Eating Mindfully Could Help You Stay Slim, New Clinical Trial Suggests
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FRIDAY, Sept. 30, 2016 (HealthDay News) — A weight-loss therapy that focuses on personal values and “mindful” decision-making may help people shed more pounds, a new clinical trial suggests.
Over one year, people who received the therapy lost more than 13 percent of their initial weight, on average.
To put that into perspective, current behavioral therapies typically help people drop 5 percent to 8 percent of their starting weight, the study authors said.
Researchers call the new approach acceptance-based behavioral therapy, or ABT.
The study authors said ABT addresses some of the biggest obstacles in keeping extra pounds off—including the difficulty of resisting temptation.
“The standard advice on weight loss only works if people are able to stick with it,” said Evan Forman, who helped develop ABT. He’s a professor of psychology at Drexel University in Philadelphia.
There is nothing new about using behavioral therapy to help people lose weight.
But, Forman said, the standard approaches don’t address the “main issue.”
“People are biologically driven to eat, especially foods that are rewarding and taste good,” he said.
Through most of human history, when food was scarce, that was an asset, Forman pointed out. Now, when so many people are surrounded by calorie-laden temptations every day, the biological drive to eat can be a problem.
“It takes special skills to resist those temptations,” Forman said. “It’s hard to turn down pleasure and reward. But those skills can be learned.”
ABT aims to teach people those skills.
The new clinical trial put the approach to the test by comparing it with standard behavioral therapy, which only encourages reducing calories and increasing exercise.
Forman’s team recruited 190 overweight or obese adults and randomly assigned them to either ABT or standard treatment. People in both groups went to 25 group sessions over one year, meeting with therapists with expertise in weight loss.
Both groups received help with diet changes and exercise, “problem solving,” and dealing with food cravings.
But ABT had added components.
For one, Forman said, people chose a goal based on their “personal values”—rather than aiming for a certain number on the bathroom scale.
A person might, for example, choose the goal of being a healthy, active grandmother.
“We emphasize the point, ‘Why does this matter?’ ” Forman said. “We get at the bigger idea of what people want in life, and how is weight related to that?”
Beyond that, ABT encourages people to accept the fact that weight loss is hard and they will inevitably feel deprived, have cravings, or find it unpleasant to opt for an apple over a brownie.
“They can say, ‘Of course, that’s how my brain is working,’ ” Forman said. Then, rather than trying to fix their thinking, they can focus on what they can change: their behavior.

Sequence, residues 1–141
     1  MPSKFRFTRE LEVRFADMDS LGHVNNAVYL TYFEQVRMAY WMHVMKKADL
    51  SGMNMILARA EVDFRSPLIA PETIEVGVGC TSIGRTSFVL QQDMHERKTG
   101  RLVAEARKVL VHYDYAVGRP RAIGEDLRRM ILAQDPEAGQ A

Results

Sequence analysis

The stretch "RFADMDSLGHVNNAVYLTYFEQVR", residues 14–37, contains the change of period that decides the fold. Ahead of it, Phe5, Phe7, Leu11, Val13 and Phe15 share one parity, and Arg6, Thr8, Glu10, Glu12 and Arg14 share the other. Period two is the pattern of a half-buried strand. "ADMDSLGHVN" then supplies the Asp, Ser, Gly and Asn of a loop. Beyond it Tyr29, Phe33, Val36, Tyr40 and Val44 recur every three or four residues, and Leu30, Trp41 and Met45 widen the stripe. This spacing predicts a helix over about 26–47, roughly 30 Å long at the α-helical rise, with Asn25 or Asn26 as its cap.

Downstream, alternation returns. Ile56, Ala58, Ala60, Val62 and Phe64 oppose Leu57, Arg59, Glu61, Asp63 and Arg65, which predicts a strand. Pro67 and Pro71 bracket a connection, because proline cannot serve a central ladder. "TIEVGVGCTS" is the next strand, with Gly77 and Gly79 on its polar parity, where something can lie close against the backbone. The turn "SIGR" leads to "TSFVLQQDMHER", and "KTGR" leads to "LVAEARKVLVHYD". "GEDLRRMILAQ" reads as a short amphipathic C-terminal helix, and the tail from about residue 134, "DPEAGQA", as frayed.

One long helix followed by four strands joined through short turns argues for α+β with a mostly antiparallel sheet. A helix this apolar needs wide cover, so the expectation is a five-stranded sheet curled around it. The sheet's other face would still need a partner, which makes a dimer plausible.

How do you learn to choose the apple when your brain really wants the brownie? Patience and practice, according to Forman.
“It sounds weird, but you can literally practice tossing a piece of brownie in the trash and eating the apple instead,” he said.
Another aspect of the therapy is training in “mindful” decision-making.
“So many of the decisions we make around eating have no explicit thought process behind them,” Forman said.
During ABT, people learn to notice how “cues” from their environment—from TV to the presence of tempting food to sheer boredom—influence their decisions to eat.
In this new trial, the approach appeared to work better than standard therapy: After a year, ABT patients had lost a little over 13 percent of their starting weight, compared to just under 10 percent for people in the comparison group.
The ABT group also fared better when it came to keeping the pounds off: 64 percent had maintained at least a 10 percent weight loss at the one-year mark, compared with 49 percent of the standard-therapy group.
Dr. Steven Heymsfield is a spokesman for the Obesity Society and a professor at Pennington Biomedical Research Center, in Baton Rouge, La.
He had praise for the ABT approach.
“It recognizes the underlying biological drive to eat, and provides people with a powerful counterweight to that,” said Heymsfield, who wasn’t involved in the research.
Losing weight is not just about “willpower,” Heymsfield said. People have to overcome strong biological impulses — and that takes strong motivation, he said.
It makes sense that focusing on important personal values (such as being a healthy grandma) can work better than a “superficial goal” of fitting into smaller jeans, Heymsfield said.
Still, he pointed to some big remaining questions about ABT: Does the weight loss hold up over time? And does the therapy have to be ongoing?
Practically speaking, it’s not clear whether ABT can be disseminated widely.
In this study, it was given by Ph.D.-level professionals, Heymsfield pointed out.
“So can this program ‘transport’ well?” he asked. “Can it be incorporated into a Watch Watchers or Jenny Craig program?”
Forman agreed that practical barriers have to be addressed. He also said it’s possible that after the initial therapy sessions, people could have once-a-year “booster” sessions—or even get help through mobile apps—to make the approach more feasible.
The study is published in the October issue of the journal Obesity.
The U.S. National Institutes of Health has advice on healthy weight loss.